His squash plants are gorgeous.   But there sure are a lot of them...eight maybe?  For two people?  That's a lot of squash.  There were three good sized squash tossed just outside the fence waiting for me.  I approached the jungle with trepidation.

Now I know my father has gardening discipline.  Just look how well trained, pruned and staked his tomatoes are.  Mine generally look like a jungle (I take after my mother) but his are the most well tended plants I've ever seen.  And there is not a weed in sight.

I peered under the leaves. There was a nice sized squash right there, still shiny and fresh. It would be good for a day or two, so I passed it up just in case one of the stepbrothers thought they might make zucchini bread this weekend. Nearby was an overgrown one. Good, I thought, a treat for the chickens.  At least I would have something to surprise Mom with.  The next plant had two more.  Hmmmmm....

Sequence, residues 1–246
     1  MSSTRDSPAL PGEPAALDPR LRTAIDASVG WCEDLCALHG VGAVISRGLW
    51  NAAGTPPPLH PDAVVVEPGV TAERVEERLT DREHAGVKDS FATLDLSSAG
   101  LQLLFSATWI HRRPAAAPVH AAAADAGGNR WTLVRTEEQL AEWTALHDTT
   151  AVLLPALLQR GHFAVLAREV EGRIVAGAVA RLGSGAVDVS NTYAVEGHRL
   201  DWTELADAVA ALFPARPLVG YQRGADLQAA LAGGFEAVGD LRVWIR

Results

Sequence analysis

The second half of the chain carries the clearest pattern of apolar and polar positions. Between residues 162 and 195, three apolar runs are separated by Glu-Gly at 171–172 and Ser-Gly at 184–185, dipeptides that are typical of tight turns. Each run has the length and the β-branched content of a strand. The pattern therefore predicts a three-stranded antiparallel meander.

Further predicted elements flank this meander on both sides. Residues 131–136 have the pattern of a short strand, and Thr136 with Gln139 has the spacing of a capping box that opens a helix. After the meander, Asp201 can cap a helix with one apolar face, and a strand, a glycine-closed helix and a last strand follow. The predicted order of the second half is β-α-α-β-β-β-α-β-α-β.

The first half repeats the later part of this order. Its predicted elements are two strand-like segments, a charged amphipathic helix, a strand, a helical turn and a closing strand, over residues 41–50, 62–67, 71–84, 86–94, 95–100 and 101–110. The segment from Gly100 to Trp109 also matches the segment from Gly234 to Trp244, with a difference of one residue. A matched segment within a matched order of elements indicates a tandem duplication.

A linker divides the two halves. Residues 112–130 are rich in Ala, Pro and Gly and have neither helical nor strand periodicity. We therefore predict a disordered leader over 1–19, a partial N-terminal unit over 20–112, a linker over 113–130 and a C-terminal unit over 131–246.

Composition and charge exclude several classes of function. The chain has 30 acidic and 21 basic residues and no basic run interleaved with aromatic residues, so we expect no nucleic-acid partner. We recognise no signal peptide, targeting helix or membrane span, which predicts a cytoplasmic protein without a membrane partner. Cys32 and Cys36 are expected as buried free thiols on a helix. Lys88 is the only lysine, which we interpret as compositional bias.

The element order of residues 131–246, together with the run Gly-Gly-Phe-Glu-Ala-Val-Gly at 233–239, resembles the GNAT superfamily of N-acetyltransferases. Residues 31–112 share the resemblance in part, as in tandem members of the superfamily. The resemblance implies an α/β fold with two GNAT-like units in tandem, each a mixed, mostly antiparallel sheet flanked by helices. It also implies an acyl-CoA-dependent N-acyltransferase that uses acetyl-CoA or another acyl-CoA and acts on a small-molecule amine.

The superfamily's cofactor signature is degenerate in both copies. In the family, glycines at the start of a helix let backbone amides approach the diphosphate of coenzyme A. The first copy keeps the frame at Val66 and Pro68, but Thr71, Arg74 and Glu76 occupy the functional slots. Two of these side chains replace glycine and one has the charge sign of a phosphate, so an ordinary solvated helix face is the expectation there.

As I picked, I heaved them over the fence into the lawn and began making plans for getting them out of here. The heavy canopy of leaves, and the darkness of this variety made it hard to distinguish them.  I continued to poke and prod.  And I realised, with a sinking feeling, that they were getting bigger.  Some of them required two hands to twist off and made a sickening hollow thud as they hit the ground.  What kind of nut, plants 8 zucchini plants, then takes a summer vacation?

Reaching the end of the zucchini patch, I straightened up and looked around.  Uh Oh.  There, at the end of a pepper row was another lone zucchini plant.  This one wasn't as large, but what it lacked in size, it made up for in production.  And right next to it was a tidy hill of cucumber plants.  I could see right away I had a problem here too.  Since leaving mature fruit on the vine will discourage a plant from producing more, I felt obligated to remove them.  The cucumbers were bloated by the rain, and there were a lot of them.  I picked about a dozen of the worst ones, and flung them to the end of the garden too.